In determining whether a technical trust relationship exists, courts have consistently considered state law relevant in determining whether a debtor was acting as a fiduciary under the Bankruptcy Code. See e.g., In re Snyder, 101 B.R. 822, 831 (Bankr. D.Mass.1989), aff'd in part, reversed in part, 923 F.2d 840 (1st Cir.1990), cert. denied, 500 U.S. 923, 111 S. Ct. 2030, 114 L. Ed. 2d 115 (1991); In re Kwiat, 81 B.R. 184, 188 (D.Mass.1987). Specifically, state law is consulted for guidance on whether the requisite trust relationship exists. See In re Kwiat, 81 B.R. at 188. In order to create a fiduciary relationship, a state statute must define the trust res, spell out the trustee's fiduciary duties and impose a trust prior to and without reference to the wrong which created the debt. Woodworking Enterprises, Inc. v. Baird, 114 B.R. 198, 202 (Bankr. 9th Cir. 1990).

    Statutorily created "trusts" create fiduciary duties that are dependent upon the relationship between the parties, but are not created by agreement of the parties nor created ex post facto as a remedial measure to right a wrong. See e.g., Ouaif v. Johnson, 4 F.3d 950, 953-54 (11th Cir.1993); Discount Home Center, Inc. v. Turner (In re Turner), 134 B.R. 646, 653-56 (Bankr.N.D.Okla.1991). To show a fiduciary capacity arising from a statutorily created trust for the purposes of § 523(a)(4), a creditor must point to an express legislative design to create a trust relationship. Tway v. Tway (In re Tway), 161 B.R. 274, 279 (Bankr.W.D.Okl.1993); Pacific-Midwest Gas Co. v. Hutton (in re Hutton), 117 B.R. 1009, 1013 (Bankr.N.D.Okla. 1990); Commonwealth of Virginia v. Myers *496 (In re Myers), 52 B.R. 901, 905 (Bankr. E.D.Va.1985).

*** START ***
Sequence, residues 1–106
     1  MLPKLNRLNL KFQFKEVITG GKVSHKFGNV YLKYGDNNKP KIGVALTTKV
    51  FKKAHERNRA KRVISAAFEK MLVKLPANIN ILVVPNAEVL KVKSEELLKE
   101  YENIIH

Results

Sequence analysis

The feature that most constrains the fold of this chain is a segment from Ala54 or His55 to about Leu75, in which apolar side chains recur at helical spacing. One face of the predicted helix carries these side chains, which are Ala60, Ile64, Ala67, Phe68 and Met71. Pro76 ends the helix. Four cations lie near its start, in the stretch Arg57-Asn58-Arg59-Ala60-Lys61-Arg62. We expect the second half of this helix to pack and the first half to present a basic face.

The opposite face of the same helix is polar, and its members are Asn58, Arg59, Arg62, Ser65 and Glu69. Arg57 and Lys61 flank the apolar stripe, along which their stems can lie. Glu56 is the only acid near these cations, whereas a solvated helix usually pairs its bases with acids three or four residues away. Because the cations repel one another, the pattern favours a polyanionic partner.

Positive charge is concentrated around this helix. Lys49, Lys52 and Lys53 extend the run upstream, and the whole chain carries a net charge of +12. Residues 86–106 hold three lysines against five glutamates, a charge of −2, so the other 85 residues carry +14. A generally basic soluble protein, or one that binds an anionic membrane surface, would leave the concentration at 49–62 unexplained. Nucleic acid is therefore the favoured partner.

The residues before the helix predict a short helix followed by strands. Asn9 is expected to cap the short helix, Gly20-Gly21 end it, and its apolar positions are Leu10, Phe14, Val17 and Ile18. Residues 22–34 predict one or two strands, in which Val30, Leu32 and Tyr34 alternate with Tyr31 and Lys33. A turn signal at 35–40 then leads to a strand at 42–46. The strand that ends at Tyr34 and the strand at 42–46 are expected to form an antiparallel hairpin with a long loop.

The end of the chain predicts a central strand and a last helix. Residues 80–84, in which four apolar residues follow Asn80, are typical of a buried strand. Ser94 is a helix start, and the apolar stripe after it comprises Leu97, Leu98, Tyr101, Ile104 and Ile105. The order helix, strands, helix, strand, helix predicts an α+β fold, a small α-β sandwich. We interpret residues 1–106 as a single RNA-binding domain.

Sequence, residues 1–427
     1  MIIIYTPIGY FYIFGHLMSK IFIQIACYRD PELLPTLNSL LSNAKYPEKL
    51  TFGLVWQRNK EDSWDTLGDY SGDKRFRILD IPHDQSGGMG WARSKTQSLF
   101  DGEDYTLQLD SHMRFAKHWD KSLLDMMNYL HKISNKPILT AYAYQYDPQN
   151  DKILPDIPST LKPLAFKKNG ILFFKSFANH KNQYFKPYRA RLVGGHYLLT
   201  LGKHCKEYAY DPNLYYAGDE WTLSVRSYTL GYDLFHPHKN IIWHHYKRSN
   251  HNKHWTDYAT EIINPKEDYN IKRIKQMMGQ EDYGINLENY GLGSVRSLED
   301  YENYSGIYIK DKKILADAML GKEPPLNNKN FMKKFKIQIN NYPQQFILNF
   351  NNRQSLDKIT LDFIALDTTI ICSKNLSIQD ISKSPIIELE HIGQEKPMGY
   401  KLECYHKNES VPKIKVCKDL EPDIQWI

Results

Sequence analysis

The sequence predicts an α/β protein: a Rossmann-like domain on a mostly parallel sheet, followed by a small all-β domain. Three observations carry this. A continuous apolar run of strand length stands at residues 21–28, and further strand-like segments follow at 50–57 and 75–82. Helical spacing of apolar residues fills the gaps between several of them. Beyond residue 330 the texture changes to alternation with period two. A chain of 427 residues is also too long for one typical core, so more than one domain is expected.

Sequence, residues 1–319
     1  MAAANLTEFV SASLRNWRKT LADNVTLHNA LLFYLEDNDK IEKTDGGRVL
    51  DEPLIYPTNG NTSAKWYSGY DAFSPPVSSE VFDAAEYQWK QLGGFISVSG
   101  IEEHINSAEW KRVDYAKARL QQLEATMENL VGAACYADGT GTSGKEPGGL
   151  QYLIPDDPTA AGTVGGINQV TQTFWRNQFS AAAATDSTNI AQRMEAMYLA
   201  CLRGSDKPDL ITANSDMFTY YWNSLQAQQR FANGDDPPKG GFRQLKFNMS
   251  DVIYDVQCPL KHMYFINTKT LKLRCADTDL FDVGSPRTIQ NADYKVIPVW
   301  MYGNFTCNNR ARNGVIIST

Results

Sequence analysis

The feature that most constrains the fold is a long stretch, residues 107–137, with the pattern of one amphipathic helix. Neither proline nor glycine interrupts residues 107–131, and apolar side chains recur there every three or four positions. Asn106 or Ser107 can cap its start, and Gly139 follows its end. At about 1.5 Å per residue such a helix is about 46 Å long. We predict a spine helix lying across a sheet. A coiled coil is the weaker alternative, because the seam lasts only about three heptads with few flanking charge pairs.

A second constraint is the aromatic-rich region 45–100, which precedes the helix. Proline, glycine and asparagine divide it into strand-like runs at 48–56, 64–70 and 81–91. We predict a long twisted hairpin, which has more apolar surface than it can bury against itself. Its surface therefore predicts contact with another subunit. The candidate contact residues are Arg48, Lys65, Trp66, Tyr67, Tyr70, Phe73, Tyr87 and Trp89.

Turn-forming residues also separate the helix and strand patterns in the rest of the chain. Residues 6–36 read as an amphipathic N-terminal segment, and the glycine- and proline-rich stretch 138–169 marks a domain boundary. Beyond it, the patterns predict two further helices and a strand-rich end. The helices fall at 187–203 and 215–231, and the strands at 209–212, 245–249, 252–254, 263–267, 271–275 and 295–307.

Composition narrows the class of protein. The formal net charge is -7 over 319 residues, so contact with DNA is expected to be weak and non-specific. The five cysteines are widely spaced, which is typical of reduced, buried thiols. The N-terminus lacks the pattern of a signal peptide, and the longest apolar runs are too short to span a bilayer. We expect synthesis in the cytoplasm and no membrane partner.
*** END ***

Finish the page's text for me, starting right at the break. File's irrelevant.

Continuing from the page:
Cases analyzing state statutory schemes have produced mixed results in determining whether fiduciary duties were created for purposes of § 523(a)(4). E.g. In re Marchiando, 13 F.3d 1111 (7th Cir.1994) (Illinois statute did not impose fiduciary duties on licensed lottery ticket agents for nondischargeability purposes); Quaif v. Johnson, 4 F.3d 950 (Georgia statute created fiduciary duties on the part of debtor insurance agent); Coburn Co. of Beaumont v. Nicholas (In re Nicholas), 956 F.2d 110 (5th Cir.1992) (Texas Construction Trust Fund Statute creates fiduciary duties); Capitol Indemnity Corp. v. Interstate Agency, Inc. (In re Interstate Agency, Inc.), 760 F.2d 121 (6th Cir.1985) (Michigan law creates fiduciary relation between insurance agency and insurance principal); Carey Lumber Co. v. Bell, 615 F.2d 370 (5th Cir.1980) (Oklahoma statute clearly imposed fiduciary duties on construction mortgagors); Lemars Mutual Insurance Co. v. Cutler (In re Cutler), 74 B.R. 712 (N.D.Iowa 1987) (relationship between insurance company and insurance agent was debtor-creditor and not fiduciary under Iowa law); Anderson v. Currin (In re Currin), 55 B.R. 928, 923-33 (Bankr.D.Colo.1985) (Colorado's real estate broker's licensing statute imposed fiduciary duties on brokers).

    There is little precedent available to aid in determining whether Massachusetts General Laws, ch. 186, § 15B, creates a trust relationship between lessors and tenants for purposes of § 523(a)(4). The Plaintiffs point to the holding of Alaska Teamster-Employer Pension Trust v. Wise (In re Wise), 120 B.R. 537 (Bankr.D.Alaska 1990). In the Wise case, the court considered whether an Alaska statute, which governed the retention of security deposits and pre-paid rent under its Uniform Landlord and Tenant Act, created a statutory trust to establish the element of fiduciary capacity under § 523(a)(4). Id. at 538. That statute provided in part: